Oral submucous fibrosis (OSF) is a chronic, insidious condition that occurs predominantly among Indians and occasionally in other Asians especially Taiwanese and sporadically in Europeans. The hallmark of the disease is submucosal fibrosis that affects the oral cavity and progressively involves the pharynx and the upper esophagus.
There is substantial evidence for the carcinogenicity of areca nut in cancers of the mouth and esophagus. Apart from this, areca nut also has widerange of effects on the other systems of the body including heart, lungs, brain, GIT, and reproductive organs. It aggravates preexisting conditions such as neuronal injury, myocardial infarction, cardiac arrhythmias, asthma, central obesity, type II diabetes, metabolic syndrome etc., It affects the immune system leading to suppression of T-cell activity and decreased release of cytokines. It also has harmful effects on the fetus when used during pregnancy.
Oral cancer remains a major health problem and efforts for early detection and prevention will reduce this burden.
General Physicians are the first to approach by the patients, so they should be aware about the hazards of areca nut consumption. The MBBS curriculum does not include the information regarding the detrimental effects of areca nut. Hence, it becomes mandatory for people from health science fraternity including medical students to have knowledge and awareness regarding such harmful agents. There is only study which has assessed knowledge, attitude, and practice toward tobacco and areca nut use among medical students of Patna and found lack of knowledge and attitude among them. Therefore, the present study was undertaken to assess the knowledge, attitude, and practice toward areca nut use among medical students of Nagpur city.
| Materials and Methods|| |
After getting approval from the Institutional Ethics Committee on dated 22nd July 2019, this cross-sectional study was carried out at VSPM DC and RC in collaboration with NKP SIMS Nagpur. The validated questionnaire was designed, which comprised of 23 closed-ended questions. It was further divided into three sections to know about “knowledge, attitude, and practice” toward consumption of areca nut. The questionnaire was prepared on Google form which was then sent via e-mail among 200 medical students including interns and post-graduates willing to participate in the study and the responses were obtained by five-point Likert scale that ranges from strongly agree to strongly disagree.
In the knowledge section, data was collected whether students were aware about areca nut effects on oral cavity and on the other systems of the body as well.
In the attitude section, students' views about areca nut use were collected.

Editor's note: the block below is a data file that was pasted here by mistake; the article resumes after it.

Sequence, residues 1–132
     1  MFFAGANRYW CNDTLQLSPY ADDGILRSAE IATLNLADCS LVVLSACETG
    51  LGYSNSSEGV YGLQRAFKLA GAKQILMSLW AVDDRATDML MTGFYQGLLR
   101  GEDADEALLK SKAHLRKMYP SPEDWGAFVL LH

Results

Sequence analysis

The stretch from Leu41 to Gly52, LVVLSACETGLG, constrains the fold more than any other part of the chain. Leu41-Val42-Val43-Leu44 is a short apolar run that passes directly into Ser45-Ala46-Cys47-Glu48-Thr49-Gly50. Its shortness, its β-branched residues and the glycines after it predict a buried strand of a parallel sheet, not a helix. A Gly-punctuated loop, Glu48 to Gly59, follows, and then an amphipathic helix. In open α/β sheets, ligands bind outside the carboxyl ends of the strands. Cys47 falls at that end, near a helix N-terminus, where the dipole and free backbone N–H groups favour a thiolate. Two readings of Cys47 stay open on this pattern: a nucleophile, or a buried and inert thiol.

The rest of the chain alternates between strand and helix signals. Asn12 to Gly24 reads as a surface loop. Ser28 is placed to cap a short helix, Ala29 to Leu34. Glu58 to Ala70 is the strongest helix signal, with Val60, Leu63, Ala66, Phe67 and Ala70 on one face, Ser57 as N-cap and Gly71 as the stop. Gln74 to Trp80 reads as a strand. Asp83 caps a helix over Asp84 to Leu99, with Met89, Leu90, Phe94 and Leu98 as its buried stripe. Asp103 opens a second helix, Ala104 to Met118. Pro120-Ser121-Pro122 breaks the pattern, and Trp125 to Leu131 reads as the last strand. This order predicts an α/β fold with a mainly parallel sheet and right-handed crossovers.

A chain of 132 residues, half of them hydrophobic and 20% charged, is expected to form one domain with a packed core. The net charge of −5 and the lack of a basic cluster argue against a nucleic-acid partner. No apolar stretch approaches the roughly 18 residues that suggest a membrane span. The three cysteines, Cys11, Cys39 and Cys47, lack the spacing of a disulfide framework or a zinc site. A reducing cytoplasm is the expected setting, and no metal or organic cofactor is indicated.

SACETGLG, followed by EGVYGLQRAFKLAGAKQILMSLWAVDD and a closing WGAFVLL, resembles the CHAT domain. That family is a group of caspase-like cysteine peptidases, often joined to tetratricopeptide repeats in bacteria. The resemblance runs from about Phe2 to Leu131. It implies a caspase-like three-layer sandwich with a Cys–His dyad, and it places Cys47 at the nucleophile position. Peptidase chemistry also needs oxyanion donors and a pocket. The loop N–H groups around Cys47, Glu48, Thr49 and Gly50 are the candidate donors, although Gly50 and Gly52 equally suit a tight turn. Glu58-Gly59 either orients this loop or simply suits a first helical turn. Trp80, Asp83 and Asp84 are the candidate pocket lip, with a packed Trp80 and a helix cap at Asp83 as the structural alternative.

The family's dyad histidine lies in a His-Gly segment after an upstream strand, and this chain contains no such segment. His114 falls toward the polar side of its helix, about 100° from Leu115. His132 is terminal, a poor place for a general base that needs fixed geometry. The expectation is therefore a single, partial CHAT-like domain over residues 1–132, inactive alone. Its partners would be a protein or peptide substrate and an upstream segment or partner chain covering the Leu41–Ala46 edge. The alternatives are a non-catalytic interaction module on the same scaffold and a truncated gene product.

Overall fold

Regarding practices, questions whether students have habit of areca nut consumption were asked and if they responded yes to it, details of the habit were asked.
Descriptive data was analyzed in terms of frequencies and percentages and a score analysis was done by using SPSS software Ver. 20.0.
| Results|| |
Out of total sample population regarding knowledge, 57.5% strongly agreed and 42.5% agreed to consume a small quantity of areca nut is dangerous to health. 98.5% agreed and 1.5% disagreed that chewing areca nut can cause mouth and throat cancer. 39% agreed, 59.5% disagreed, and 1.5% were not aware about consumption of areca nut has immediate adverse effects in the oral cavity. 36% agreed, 61% were not aware of, and 3% disagreed that areca nut chewing has adverse systemic effects. 23% agreed, 75.5% were not aware of, and 1.5% disagreed that areca nut chewing has effect on offspring during pregnancy [Table 1] and [Graph 1].
|Table 1: Descriptive Statistics of knowledge towardareca nut use among medical students|
Click here to view
Out of the total sample population, students' view about areca nut consumption was 13% agreed, 58% were not aware of, and 29% disagreed that chewing areca nut relieves the stress. 32.5% agreed, 66% were not aware of, and 1.5% disagreed that chewing areca nut helps in appetite control.
Among all 25% agreed, 52% were not aware of and 23% disagreed that chewing areca nut increases working capacity. 25% agreed, 46% were not aware of, and 29% disagreed that chewing areca nut stimulates the salivation and helps in digestion. 43% agreed, 16% were not aware of, and 41% disagreed that chewing areca nut can be used as a mouth freshener. 46% agreed, 9.5% were not aware of, and 44.5% disagreed that advertisement plays an important role in increasing the consumption of areca nut. 43.5% agreed, 34.5% were not aware of, and 22% disagreed that people who use areca nut products have more friends [Table 2] and [Graph 2].
|Table 2: Descriptive statistics of attitude toward areca nut among medical students|
Click here to view
This was the heartening thing that we have found only one person have ever chewedareca nut in the form of mouth freshener and one had habit of chewing areca nut amongall. Source was from family member. Feeling on having arecanut was reported to be of being relaxed. Discomfort was the feeling reported on withdrawal of areca nut. Time since consuming in single subject was 1–6 months. Frequency of consuming was occasional and never suffered from any complications. And when asked about dentist visitation regarding the same, he/she never visited dentist due to complications regarding areca nut consumption [Table 3] and [Graph 3].